Defining the Enemy in the Individual Lament Psalms as the Unscrupulous Exploiter

The lament psalms have three prominent figures: an enemy, a psalmist, and God. Regarding the issue of identifying the enemy in the individual lament psalms, it has been a crux among scholars. Two reasons account for this. First, the enemy appears in anonymity. Furthermore, uncertain assumptions to the headings referring to the psalmist and hazy historical contexts make it worse to identify the enemy. Second, the enemies’ evil behaviors are described as ubiquitous expressions beyond the specific time and place.

Then, who is the enemy? Why did he attack the psalmist? These questions have been a discussion topic in recent years, and several answers have been put forth. First, the socio-religious approach provides a wide range of interpretations relying on Sitz im Leben. It is based on the Israelites’ cultic perspective on illness in those days. However, while this approach sheds some light on the enemy related to sickness, it only covers a narrow category of the enemy’s range. Second, the literary approach spotlights the characteristics of the descriptions portraying the enemy’s identity. Nevertheless, the literary features of the lament psalms, in which similar expressions are repeated, rather obscure the literary distinction between the individual and the communal lament psalms. Besides, these portraits make readers regard the enemy not as realistic but rather as impressionistic. Third, many scholars define the enemy as the opponent of YHWH. They tend to identify the enemy within the triangular relationship through the theological lens. However, this view is problematic for three reasons: (1) The definition blurs between the motivation and outcomes of the enemy’s behaviors. The motivation of enemies oppressing the psalmist is not to oppose God, but to devour whatever the psalmist has. (2) There is no direct evidence that the enemies themselves intended to stand against God. (3) Most significantly, defining the enemy as God’s opponent imbues us to quickly have a dichotomic bias as if the enemy is outside the believers.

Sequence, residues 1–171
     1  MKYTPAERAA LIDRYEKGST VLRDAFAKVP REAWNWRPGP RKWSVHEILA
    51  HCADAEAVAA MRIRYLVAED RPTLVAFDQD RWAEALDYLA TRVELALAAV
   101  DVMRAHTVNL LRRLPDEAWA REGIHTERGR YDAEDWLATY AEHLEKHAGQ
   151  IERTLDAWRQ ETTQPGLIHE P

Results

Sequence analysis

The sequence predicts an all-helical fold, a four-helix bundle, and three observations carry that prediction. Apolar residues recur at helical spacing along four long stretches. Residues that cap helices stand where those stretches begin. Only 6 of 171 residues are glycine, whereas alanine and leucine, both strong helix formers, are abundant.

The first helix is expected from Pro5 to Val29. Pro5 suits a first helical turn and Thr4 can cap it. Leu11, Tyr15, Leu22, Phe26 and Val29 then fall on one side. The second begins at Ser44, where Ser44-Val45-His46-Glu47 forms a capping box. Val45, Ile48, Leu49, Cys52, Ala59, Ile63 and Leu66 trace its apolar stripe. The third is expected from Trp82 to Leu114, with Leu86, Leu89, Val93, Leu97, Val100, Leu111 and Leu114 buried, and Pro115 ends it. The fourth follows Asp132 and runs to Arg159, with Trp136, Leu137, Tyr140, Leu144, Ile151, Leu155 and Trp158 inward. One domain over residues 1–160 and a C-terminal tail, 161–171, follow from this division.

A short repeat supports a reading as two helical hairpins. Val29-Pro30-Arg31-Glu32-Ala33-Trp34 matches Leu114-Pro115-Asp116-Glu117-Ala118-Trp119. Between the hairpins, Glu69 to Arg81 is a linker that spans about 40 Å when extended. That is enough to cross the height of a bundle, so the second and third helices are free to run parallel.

Therefore, I propose an ethical approach as an alternative method and argue that the enemy is the unscrupulous exploiter regarding the moral aspect. For this, I will first briefly mention the rhetorical implications of anonymity in the Psalter. Second, I will interact with prominent scholars by rearranging them according to research approaches: form critical, literary, and theological. Doing so will show that such approaches can only partially account for the meaning of the enemy. Third, I will suggest the ethical approach to explain the enemy’s identity. This will show how the moral reading fits clarifying behaviors and motives of the enemy. Fourth, I will conclude that the ethical approach and the meaning of the unnamed enemy will enable us to penetrate the reality of this world correctly.

5 thoughts on “Defining the Enemy in the Individual Lament Psalms as the Unscrupulous Exploiter”

  1. This sounds like a dissertation proposal
    The identity of the enemy in the Psalms is certainly an important issue, but it requires more than a conference paper to address it well. Perhaps as his research progresses he will be able to present a paper on some specific aspect of his findings.

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